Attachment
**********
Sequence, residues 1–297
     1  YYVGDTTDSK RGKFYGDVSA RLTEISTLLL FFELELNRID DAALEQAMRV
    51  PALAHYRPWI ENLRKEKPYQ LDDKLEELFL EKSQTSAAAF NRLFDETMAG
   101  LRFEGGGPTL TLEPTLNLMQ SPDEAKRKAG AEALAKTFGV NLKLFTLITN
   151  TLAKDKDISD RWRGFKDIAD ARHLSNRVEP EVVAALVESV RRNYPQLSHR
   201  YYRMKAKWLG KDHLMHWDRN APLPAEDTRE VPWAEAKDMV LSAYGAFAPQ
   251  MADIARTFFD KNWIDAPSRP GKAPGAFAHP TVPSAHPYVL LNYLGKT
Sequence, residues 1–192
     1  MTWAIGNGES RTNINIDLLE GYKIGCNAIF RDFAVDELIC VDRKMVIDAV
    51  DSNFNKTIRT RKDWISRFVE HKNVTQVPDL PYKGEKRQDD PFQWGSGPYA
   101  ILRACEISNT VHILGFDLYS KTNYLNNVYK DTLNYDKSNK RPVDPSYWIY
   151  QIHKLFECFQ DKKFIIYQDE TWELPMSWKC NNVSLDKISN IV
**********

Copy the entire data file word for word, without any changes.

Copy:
Sequence, residues 1–297
     1  YYVGDTTDSK RGKFYGDVSA RLTEISTLLL FFELELNRID DAALEQAMRV
    51  PALAHYRPWI ENLRKEKPYQ LDDKLEELFL EKSQTSAAAF NRLFDETMAG
   101  LRFEGGGPTL TLEPTLNLMQ SPDEAKRKAG AEALAKTFGV NLKLFTLITN
   151  TLAKDKDISD RWRGFKDIAD ARHLSNRVEP EVVAALVESV RRNYPQLSHR
   201  YYRMKAKWLG KDHLMHWDRN APLPAEDTRE VPWAEAKDMV LSAYGAFAPQ
   251  MADIARTFFD KNWIDAPSRP GKAPGAFAHP TVPSAHPYVL LNYLGKT
Sequence, residues 1–192
     1  MTWAIGNGES RTNINIDLLE GYKIGCNAIF RDFAVDELIC VDRKMVIDAV
    51  DSNFNKTIRT RKDWISRFVE HKNVTQVPDL PYKGEKRQDD PFQWGSGPYA
   101  ILRACEISNT VHILGFDLYS KTNYLNNVYK DTLNYDKSNK RPVDPSYWIY
   151  QIHKLFECFQ DKKFIIYQDE TWELPMSWKC NNVSLDKISN IV